Last Updated on November 11, 2022
It turns out this VIC-20 computer port of DOOM has been around a few years, but even so: wow!
Essentially a cut-down port of DOOM, it features various enemy types, weapons, exploding barrels and even – as you can hear in the video – conversions of the original DOOM MIDI files. It looks amazing.
This is a “port” of iD software’s Doom, for the fully expanded Commodore VIC-20. It’s a mixture of C and 6502 assembly. C is compiled with the cc65 compiler, which you can find on github.
For the uninitiated, the VIC-20 was the forerunner to the Commodore 64. The two computers share a chassis and keyboard design (although the ports on the VIC-20 differ). Aside from a handful of internal similarities, however, they’re quite different.
The full list of features in the VIC-20 DOOM port are as follows:
- cut down versions of shareware DOOM’s levels, minus the secret level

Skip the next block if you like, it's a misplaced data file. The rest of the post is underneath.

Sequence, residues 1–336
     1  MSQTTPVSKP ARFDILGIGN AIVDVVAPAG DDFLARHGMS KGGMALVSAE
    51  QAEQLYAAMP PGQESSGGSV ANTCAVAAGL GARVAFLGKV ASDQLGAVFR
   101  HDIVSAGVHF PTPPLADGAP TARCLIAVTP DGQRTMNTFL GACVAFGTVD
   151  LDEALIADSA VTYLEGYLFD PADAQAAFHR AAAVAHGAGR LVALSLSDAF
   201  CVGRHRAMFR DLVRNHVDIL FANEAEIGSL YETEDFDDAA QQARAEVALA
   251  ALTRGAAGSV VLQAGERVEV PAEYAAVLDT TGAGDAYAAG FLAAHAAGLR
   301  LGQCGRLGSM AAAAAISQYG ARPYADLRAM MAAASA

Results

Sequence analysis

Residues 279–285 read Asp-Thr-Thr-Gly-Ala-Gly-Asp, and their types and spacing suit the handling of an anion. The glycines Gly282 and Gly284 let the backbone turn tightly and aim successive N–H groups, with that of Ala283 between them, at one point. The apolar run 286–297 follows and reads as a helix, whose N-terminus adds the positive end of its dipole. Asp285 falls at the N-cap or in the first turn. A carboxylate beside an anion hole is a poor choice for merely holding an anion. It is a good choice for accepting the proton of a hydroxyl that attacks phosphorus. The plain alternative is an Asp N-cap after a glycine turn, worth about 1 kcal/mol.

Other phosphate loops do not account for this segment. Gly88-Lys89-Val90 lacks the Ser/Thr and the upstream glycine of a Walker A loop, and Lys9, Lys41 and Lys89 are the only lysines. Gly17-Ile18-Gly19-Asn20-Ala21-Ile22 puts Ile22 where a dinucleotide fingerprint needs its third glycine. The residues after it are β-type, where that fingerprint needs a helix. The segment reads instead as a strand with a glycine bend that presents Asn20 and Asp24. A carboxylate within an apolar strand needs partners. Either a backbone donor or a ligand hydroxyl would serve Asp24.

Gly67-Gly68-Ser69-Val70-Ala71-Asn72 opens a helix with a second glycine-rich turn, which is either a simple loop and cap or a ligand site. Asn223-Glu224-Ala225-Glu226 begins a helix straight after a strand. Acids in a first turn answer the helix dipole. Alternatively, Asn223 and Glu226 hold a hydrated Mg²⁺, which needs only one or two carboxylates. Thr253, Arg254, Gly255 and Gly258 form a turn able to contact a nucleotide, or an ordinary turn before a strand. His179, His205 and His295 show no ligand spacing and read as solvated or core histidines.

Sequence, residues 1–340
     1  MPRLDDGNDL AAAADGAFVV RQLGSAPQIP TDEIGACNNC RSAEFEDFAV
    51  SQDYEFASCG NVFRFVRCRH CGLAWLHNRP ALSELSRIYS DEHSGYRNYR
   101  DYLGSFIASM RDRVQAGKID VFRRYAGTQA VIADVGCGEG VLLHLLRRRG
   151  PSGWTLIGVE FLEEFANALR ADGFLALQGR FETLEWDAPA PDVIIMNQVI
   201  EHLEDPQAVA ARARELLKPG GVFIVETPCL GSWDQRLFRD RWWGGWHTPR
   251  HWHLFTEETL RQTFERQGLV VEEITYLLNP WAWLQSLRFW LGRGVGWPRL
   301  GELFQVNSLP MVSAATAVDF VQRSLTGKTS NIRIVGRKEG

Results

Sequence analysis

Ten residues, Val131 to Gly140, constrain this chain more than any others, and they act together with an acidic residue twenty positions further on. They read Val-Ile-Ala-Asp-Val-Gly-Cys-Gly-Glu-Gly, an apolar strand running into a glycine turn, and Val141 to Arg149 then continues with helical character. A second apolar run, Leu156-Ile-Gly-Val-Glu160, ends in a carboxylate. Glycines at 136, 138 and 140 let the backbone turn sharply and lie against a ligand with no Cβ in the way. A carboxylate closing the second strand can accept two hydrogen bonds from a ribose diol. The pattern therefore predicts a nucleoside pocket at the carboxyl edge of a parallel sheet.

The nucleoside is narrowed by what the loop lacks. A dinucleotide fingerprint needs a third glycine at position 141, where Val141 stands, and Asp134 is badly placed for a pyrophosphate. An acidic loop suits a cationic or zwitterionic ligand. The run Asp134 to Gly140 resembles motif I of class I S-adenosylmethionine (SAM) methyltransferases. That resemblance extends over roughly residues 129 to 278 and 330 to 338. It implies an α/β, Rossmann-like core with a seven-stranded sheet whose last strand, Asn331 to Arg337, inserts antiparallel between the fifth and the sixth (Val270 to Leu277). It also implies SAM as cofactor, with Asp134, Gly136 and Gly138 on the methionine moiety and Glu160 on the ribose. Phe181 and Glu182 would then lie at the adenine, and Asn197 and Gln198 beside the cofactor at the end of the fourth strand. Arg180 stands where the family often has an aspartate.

- sergeants, demons, imps and cacodemons, with AI code cut down from the DOOM source
- fist, chainsaw, pistol, shotgun, chaingun
- health, ammo, keys, weapons, security and combat armor
- exploding barrels
- 11 music tracks, converted from the original DOOM midi files
- 20 sound effects, converted from the original DOOM PC speaker sounds
- cheat codes
- panning and zooming map
- intermission and victory screens
- arbitrarily angled textured walls
Now, some have argued that this version of DOOM is more Wolf3D than DOOM. To that we respond: it’s running on a bloody VIC-20 computer. Sure, it migt be the fully expanded model, but let’s recall that means a VIC-20 with up to 24K of RAM. it’s an 8-bit computer seriously overreaching. Developer Kweepa has done an amazing job – imagine if the VIC-20 had launched with something like this?
You can download DOOM for VIC-20 (yes, I really did type that) from the GitHub project page.
Gaming since 1984, retro gaming since 2004. Contributes to Linux Format magazine and MakeUseOf.com.